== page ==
Another way to think of a hosts file is as an address translator and redirector. If you went to New York City and asked to go to the New York Times Company, someone would translate your request into 229 West 43rd Street. A similar process happens on the web. Your browser first checks your hosts file to see if it has an IP address for nytimes.com. If the hosts file has an entry it is used, otherwise a domain name server is queried to get the IP address of 126.96.36.199. (Yes, technically, you can enter that IP address into your browser's address bar and get to www.nytimes.com.)
One benefit of using the hosts file is precedence. Most systems access this file first because it's loaded into the computer's memory at start up. There are some exceptions such as people who use proxy servers.
When various types of Internet advertisements became invasive, some people used the hosts file as a means to bypass the ads. People would add an entry to their hosts file that redirected an ad server away from the intended destination. Or, using our analogy from above we could redirect the New York Times traffic to your home address.
This redirection can be accomplished by adding a line such as the following to the hosts file:
127.0.0.1 www.xyz.com # ad server for XYZ company
In the above example, when your web browser encounters a request for www.xyz.com, it would look in the hosts file and find the entry 127.0.0.1. This IP address is a universal address assigned to the localhost that is your PC. So, rather than going to the true IP address for the XYZ ad server, the request would stop at your PC and the ad wouldn't appear. You can also add a # sign and comment to identify the site.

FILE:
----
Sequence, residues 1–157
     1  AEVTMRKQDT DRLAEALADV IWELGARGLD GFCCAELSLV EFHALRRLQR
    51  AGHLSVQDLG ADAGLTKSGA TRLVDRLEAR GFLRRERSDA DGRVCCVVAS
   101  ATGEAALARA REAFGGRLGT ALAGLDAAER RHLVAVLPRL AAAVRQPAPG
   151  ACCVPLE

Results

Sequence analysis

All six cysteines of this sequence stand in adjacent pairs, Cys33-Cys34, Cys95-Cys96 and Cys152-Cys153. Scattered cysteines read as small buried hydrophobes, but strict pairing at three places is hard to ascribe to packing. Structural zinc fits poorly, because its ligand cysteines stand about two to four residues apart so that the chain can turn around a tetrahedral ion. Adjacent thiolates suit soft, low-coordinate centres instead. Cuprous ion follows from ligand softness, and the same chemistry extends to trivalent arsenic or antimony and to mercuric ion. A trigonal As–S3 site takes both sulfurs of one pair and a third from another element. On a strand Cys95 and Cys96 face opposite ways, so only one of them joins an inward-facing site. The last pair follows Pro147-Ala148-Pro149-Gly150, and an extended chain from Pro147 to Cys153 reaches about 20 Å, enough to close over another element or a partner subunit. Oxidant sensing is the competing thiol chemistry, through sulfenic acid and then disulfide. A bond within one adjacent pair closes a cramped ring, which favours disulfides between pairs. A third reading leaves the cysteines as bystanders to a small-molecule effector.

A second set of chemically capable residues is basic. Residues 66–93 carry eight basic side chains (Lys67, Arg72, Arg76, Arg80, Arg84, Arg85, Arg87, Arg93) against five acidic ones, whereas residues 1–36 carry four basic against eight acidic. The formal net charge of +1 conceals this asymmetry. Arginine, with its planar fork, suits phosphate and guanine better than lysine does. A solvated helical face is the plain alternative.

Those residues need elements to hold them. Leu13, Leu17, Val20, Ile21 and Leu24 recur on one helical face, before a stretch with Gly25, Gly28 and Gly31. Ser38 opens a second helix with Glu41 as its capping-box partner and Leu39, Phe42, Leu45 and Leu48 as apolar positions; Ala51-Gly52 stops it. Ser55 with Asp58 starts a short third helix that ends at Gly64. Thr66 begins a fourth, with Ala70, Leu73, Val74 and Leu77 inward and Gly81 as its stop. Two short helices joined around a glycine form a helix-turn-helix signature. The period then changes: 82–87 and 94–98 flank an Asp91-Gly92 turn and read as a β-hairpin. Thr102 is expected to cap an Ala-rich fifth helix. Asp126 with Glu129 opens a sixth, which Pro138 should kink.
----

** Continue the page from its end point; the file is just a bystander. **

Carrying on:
While this ad blocking method works, there are consequences. The web page may not format correctly depending on the ad. Moreover, many small specialty sites and blogs rely on ad income to offset their costs.
Alternate Uses of Hosts File
This same process is also used by some anti-spyware and ad-blocking packages. Instead of redirecting ad servers, they protect you by preventing access to various sites. Typically, these are sites that have spyware, malware or adult-orientated material. Some of these programs also lock the hosts file or alert you if there have been changes.
Because the file can redirect traffic, some malicious programs have tried to insert entries into this file for their purposes. One morning, you type http://www.nytimes.com/ and you're now staring at some adult site in Eastern Europe. Sorry, the hosts file doesn't do any site verification. If there is an entry for the New York Times that maps to an IP address in Eastern Europe, well that's where your browser will go. As this example illustrates, you can be hijacked as you can use any IP address and not just 127.0.0.1.
Location of the Windows Hosts File
The good news is you control the hosts file. You can easily add, edit or delete entries using a text editor such as Windows Notepad. The exception is Windows Vista. Microsoft support has provided a knowledge base article on modifying the hosts or lmhosts file.
It's probably worth 5 minutes to look at the file in case you ever need to change the contents. The hardest part, is probably finding the file as the location differs based on which Windows operating system you are using.
Windows 95 - C:windows
Windows 98 - C:\windows
Windows Me - C:\windows
Windows 2000 - C:windows\system32\drivers\etc
Windows XP - C:\windows\system32\drivers\etc
Windows NT - C:\winnt\system32\drivers\etc
Windows Vista - C:\windows\system32\drivers\etc
If you want to find out more about hosts file, there are plenty of articles and resources. Some people have compiled their own lists that you can download. Others have programs that make editing the file easier. And if you do decide to change your hosts file, please remember to make a backup first. You'll also need to reboot your computer to have the changes work.
Last Updated (Friday, 18 June 2010 16:59)